This isn’t a defence of tariffs or an argument against free trade. The point is rather that the Commission is wilfully ignoring warnings of the obesity and chronic disease time bomb they’re setting for Europeans and our health services. If unhealthy food and drink prices are dramatically lowered, governments will need to compensate by other means, assuming they want to avoid Mexico’s fate. This is where we come back to investment protection and regulatory chill. Who will be bold enough to impose countermeasures such as health labelling, advertising restrictions or taxes on unhealthy foods under the threat of unlimited compensation claims?

“Blissful ignorance rules within the Commission concerning the impacts on public health”

Apart from food, one of the most obvious sectors in which there are huge differences between US and EU rules is medicines. Medicines are generally vastly more expensive in the US. European countries are also much better at offering considerably cheaper generic alternatives, which is going some way to manage the increasing costs of ageing and less-healthy populations. No health minister, doctor, nurse, patient or parent would aspire to emulate the US model of health coverage.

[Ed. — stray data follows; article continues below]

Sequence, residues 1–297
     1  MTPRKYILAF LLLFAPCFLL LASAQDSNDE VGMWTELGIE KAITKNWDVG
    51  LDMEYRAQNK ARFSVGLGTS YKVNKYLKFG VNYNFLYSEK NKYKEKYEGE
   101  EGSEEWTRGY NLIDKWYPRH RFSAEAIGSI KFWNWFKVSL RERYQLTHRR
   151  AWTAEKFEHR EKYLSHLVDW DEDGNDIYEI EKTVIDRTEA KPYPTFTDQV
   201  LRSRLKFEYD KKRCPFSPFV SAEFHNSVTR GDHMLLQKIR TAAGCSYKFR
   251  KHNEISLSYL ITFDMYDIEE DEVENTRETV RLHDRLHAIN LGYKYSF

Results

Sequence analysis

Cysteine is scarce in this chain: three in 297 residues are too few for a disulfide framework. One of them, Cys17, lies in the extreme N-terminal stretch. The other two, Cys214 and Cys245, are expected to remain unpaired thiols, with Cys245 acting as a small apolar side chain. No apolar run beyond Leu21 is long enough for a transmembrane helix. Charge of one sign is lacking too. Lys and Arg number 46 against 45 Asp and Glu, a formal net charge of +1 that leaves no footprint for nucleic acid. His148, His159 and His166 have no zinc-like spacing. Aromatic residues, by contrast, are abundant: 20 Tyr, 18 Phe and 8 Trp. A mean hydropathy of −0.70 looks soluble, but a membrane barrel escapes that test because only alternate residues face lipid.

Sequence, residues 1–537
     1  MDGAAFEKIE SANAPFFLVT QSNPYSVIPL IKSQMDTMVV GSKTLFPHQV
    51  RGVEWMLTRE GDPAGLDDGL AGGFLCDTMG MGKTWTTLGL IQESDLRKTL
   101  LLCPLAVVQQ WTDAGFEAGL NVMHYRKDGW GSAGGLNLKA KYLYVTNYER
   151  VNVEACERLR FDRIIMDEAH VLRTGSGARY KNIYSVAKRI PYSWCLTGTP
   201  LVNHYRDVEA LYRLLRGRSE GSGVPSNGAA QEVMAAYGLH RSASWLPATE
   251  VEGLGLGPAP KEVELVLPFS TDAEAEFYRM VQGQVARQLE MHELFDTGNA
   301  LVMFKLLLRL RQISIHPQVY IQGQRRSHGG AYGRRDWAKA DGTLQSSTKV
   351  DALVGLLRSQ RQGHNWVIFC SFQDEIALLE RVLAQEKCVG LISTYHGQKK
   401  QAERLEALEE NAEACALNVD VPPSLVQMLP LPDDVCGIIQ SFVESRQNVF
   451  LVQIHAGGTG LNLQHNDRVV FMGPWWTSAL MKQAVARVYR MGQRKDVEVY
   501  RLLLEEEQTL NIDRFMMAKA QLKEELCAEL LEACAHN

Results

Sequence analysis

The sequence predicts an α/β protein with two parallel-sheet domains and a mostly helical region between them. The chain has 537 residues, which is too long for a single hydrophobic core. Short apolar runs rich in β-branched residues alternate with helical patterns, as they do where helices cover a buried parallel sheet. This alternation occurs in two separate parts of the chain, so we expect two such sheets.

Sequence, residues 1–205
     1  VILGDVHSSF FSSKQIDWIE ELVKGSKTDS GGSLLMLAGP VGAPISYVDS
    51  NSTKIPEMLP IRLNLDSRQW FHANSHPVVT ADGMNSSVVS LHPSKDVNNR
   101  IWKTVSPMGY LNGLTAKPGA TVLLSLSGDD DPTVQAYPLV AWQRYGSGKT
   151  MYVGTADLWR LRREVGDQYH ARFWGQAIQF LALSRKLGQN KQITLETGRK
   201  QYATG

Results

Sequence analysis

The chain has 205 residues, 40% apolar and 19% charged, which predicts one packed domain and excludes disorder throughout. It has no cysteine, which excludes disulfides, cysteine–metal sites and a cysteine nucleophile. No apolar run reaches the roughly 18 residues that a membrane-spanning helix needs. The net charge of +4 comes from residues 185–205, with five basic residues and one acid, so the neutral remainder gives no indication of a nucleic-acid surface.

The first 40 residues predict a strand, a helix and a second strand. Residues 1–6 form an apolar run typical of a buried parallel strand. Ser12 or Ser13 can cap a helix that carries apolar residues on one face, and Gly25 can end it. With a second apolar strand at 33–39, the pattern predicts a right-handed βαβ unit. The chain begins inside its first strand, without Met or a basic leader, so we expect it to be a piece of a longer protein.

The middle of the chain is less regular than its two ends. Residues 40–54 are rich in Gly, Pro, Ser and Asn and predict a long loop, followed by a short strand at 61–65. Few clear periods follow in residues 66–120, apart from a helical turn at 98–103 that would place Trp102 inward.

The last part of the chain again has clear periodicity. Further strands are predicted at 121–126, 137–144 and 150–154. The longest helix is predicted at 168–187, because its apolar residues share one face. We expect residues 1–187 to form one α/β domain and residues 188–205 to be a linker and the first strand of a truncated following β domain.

The Commission is offering transatlantic pharmaceutical companies fast tracking to the market, but remains silent on how TTIP would make all medicines cheaper. Negotiators claim that increased competition will by nature give us all better access to, for example, generic medicines, which cost less. But this hasn’t been reinforced by any evidence whatsoever. If a comparison with more ‘competitive’ US healthcare systems is anything to go by, there is dramatically more for Europe to lose than to gain from closer regulatory cooperation on medicines. It would be negligent of the Commission not to evaluate this risk before negotiations go any further.

The public health community is still seeking reassurances from the trade negotiators that TTIP will lead to a better deal for cheaper medicines and a healthier future for our health systems, guaranteeing universal access to affordable medicines for everyone. The TTIP leaks illustrate that greater transparency of the negotiating documents is vital to ensure proper democratic and public debate about the impact of trade policy on popular health. We are an evidence-based community, and until the Commission actually shows us their evidence of future benefits to health, we must keep a health warning on TTIP.